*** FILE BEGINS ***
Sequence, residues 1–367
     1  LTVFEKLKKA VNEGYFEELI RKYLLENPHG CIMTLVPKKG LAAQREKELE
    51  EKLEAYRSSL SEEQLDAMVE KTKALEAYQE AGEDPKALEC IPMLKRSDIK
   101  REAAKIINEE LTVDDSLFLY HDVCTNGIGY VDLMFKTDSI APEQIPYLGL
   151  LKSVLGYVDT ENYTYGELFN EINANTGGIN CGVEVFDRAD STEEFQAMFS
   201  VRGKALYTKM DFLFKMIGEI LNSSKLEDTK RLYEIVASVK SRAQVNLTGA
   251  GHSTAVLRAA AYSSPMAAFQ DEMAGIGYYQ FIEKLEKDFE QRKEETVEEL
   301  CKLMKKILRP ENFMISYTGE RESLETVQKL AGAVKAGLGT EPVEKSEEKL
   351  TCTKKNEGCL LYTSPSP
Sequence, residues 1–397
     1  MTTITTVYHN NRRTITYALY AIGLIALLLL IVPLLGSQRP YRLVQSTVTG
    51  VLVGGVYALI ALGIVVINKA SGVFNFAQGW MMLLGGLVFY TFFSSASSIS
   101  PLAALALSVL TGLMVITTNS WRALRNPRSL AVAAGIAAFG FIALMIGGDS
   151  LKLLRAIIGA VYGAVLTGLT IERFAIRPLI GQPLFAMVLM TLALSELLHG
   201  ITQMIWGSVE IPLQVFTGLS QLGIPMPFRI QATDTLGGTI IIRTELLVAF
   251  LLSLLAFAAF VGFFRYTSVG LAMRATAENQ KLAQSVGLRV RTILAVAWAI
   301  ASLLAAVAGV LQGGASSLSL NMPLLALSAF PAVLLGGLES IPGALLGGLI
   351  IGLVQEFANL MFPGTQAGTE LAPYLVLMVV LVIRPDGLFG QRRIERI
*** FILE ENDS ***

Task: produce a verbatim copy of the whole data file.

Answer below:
Sequence, residues 1–367
     1  LTVFEKLKKA VNEGYFEELI RKYLLENPHG CIMTLVPKKG LAAQREKELE
    51  EKLEAYRSSL SEEQLDAMVE KTKALEAYQE AGEDPKALEC IPMLKRSDIK
   101  REAAKIINEE LTVDDSLFLY HDVCTNGIGY VDLMFKTDSI APEQIPYLGL
   151  LKSVLGYVDT ENYTYGELFN EINANTGGIN CGVEVFDRAD STEEFQAMFS
   201  VRGKALYTKM DFLFKMIGEI LNSSKLEDTK RLYEIVASVK SRAQVNLTGA
   251  GHSTAVLRAA AYSSPMAAFQ DEMAGIGYYQ FIEKLEKDFE QRKEETVEEL
   301  CKLMKKILRP ENFMISYTGE RESLETVQKL AGAVKAGLGT EPVEKSEEKL
   351  TCTKKNEGCL LYTSPSP
Sequence, residues 1–397
     1  MTTITTVYHN NRRTITYALY AIGLIALLLL IVPLLGSQRP YRLVQSTVTG
    51  VLVGGVYALI ALGIVVINKA SGVFNFAQGW MMLLGGLVFY TFFSSASSIS
   101  PLAALALSVL TGLMVITTNS WRALRNPRSL AVAAGIAAFG FIALMIGGDS
   151  LKLLRAIIGA VYGAVLTGLT IERFAIRPLI GQPLFAMVLM TLALSELLHG
   201  ITQMIWGSVE IPLQVFTGLS QLGIPMPFRI QATDTLGGTI IIRTELLVAF
   251  LLSLLAFAAF VGFFRYTSVG LAMRATAENQ KLAQSVGLRV RTILAVAWAI
   301  ASLLAAVAGV LQGGASSLSL NMPLLALSAF PAVLLGGLES IPGALLGGLI
   351  IGLVQEFANL MFPGTQAGTE LAPYLVLMVV LVIRPDGLFG QRRIERI